Myth of Malham Race (Round Eddystone) is set to have its first start 0800 27th May and will be organised by the Royal Ocean Racing Club in association with the Royal Yacht Squadron.
Mike Greville’s Ker 39, Erivale III, in the 2009 IRC National Championships.
The RORC Season's Points Championship goes from strength to strength with 140 yachts entered for the forthcoming Myth of Malham Race. The 230-mile race, around the Eddystone Lighthouse, mirrors the start of this year's Rolex Fastnet Race, which is definitely a big factor in such an impressive turn out.
The Myth of Malham is one of the longest races in the RORC calendar. It is a test of endurance and concentration and is extremely tactical, especially with regards to the strong tides that flow along the south west coast of England. The race also carries a weighted points factor, making it even more important for the RORC Season's Points Championship.
The holder of the Myth of Malham Trophy is Piet Vroon's Ker 46, Tonnerre de Breskens, which was in fine form last time out, winning the De Guingand Bowl. However, there will be the biggest RORC fleet so far this season looking to win the coveted prize. Jonathan Goring's brand new Ker 40, Keronimo, is set to make its long awaited race debut.
As does Ian Smyth's Grand Soleil 46, Bella Donna and Edward Broadway's First 40, Carpe Diem. Three Class 40s are also entered, Mark Denton's Class 40, MAXVMG will be taking on Catherine Pourre's Eärwen and Richard Crossley, sailing Les Conquerants de Normandie.
Mike Greville's Ker 39, Erivale III, won the Myth of Malham Trophy in 2008; a year that typified the wide variety of conditions in late May.
'We went through just about every sail in the locker,' commented Mike Greville at the time. 'We saw 20 knots at the start which gradually built during the day to 30 knots plus by the evening, the highest gust was 46 knots. On Sunday morning conditions had eased to about 10 knots and we finished the race in only five knots of breeze.'
There are no less than 14 First 40.7's entered this year, which should produce some very close competition in IRC Two. Peter Robson's Trustmarque Playing Around and Steve Anderson's Encore, placed well in last year's race. Neil Kipling's J/122, Joopster were second in class last year and will be looking to go one better. One to watch may well be Ross Applebey's Oyster 48, Scarlett Oyster. She is returning to racing after several years in retirement but the yacht won its class in the very windy 2007 Rolex Fastnet Race and Ross usually has a well tuned up crew.
In IRC Three, Noel Racine's JPK10.10, Foggy Dew won her class in last year's event and will be back looking to repeat the win. IRC Three exemplifies the wide variety of yachts racing; Kenneth Newman's Swan 46, Marinero is the largest yacht and Philip Farrands' Humphreys 40, Old Mother Gun, probably the oldest. There are also nine examples of J/109 racing around the Eddystone Lighthouse, which should produce a close boat-on-boat tussle within the class.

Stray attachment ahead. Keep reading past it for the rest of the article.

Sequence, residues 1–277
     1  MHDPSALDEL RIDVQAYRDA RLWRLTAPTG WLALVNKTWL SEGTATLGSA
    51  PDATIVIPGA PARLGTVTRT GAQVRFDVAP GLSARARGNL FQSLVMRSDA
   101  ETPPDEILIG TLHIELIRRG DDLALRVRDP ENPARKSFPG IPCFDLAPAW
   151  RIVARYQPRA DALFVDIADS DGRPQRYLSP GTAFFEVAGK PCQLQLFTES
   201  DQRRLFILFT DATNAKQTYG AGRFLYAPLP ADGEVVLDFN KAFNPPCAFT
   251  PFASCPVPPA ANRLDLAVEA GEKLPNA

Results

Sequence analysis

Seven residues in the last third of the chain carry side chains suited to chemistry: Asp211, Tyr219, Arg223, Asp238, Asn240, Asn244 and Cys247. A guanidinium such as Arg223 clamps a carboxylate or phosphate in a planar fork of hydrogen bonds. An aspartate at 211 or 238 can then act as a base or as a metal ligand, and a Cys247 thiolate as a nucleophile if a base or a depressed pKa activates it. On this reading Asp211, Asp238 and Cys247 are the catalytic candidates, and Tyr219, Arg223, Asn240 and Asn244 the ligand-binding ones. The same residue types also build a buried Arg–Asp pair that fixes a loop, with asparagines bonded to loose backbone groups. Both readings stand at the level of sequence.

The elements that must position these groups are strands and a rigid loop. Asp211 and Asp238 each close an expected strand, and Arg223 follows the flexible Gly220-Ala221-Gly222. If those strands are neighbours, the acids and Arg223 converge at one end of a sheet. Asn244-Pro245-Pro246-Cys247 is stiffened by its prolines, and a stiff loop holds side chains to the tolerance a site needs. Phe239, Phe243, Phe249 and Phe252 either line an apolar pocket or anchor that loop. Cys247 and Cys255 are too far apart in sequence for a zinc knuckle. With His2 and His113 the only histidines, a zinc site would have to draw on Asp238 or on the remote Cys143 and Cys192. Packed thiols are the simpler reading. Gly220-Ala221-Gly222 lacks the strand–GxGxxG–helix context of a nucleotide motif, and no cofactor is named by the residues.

IRC Four is the largest class with 46 yachts entered. Jean Yves Chateau's Nicholson 33, Iromiguy has won her class for the Myth of Malham on several occasions, including last year, and will be on the Squadron Line start this Bank Holiday. Trevor Nicholls' Starlight 39, Spellbinder of Wytch was third in class last year, owned by the Phoenix Yacht Club, based in Portsmouth Harbour; the yacht has a core crew of eight with sailing skills ranging from Ocean Yachtmaster to absolute beginners.
The J/97, Jika Jika is one of 24 yachts racing in the ever growing Two Handed Class. Jamie Holmes and Tom Whicher are both in their twenties and very new to the discipline. 'We both fancied having a go at some two handed sailing as it completely contrasts the sailing we've done before,' explained Jaime Holmes.
'The Rolex Fastnet double-handed seemed a suitable challenge and so we are competing in the Myth of Malham, amongst others, as a qualifier race and also hopefully to get our mistakes out the way before the Fastnet. Jika Jika is being kindly (and bravely!) loaned to us by my Dad, Mike Holmes for the double handed RORC series. For the rest of the time, Dad and I campaign the boat together and with friends.'
The RORC Myth of Malham Race starts at 0800 on Friday 27th May. With such a large fleet of yachts jostling for position it will be a great spectacle from the sea front promenade at Cowes on the Isle of Wight and vantage points along the western Solent.
For more information, go to the Royal Ocean Racing Club web site. Late entry is available up to 0800 26th May.